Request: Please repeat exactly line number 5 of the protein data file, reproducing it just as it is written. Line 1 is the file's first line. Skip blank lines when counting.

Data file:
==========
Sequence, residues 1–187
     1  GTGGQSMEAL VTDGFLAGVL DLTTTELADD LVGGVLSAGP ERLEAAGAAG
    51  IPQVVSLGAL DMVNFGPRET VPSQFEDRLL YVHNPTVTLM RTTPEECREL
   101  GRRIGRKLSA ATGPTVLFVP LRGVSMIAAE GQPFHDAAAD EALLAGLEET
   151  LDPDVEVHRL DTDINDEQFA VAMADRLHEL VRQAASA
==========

   151  LDPDVEVHRL DTDINDEQFA VAMADRLHEL VRQAASA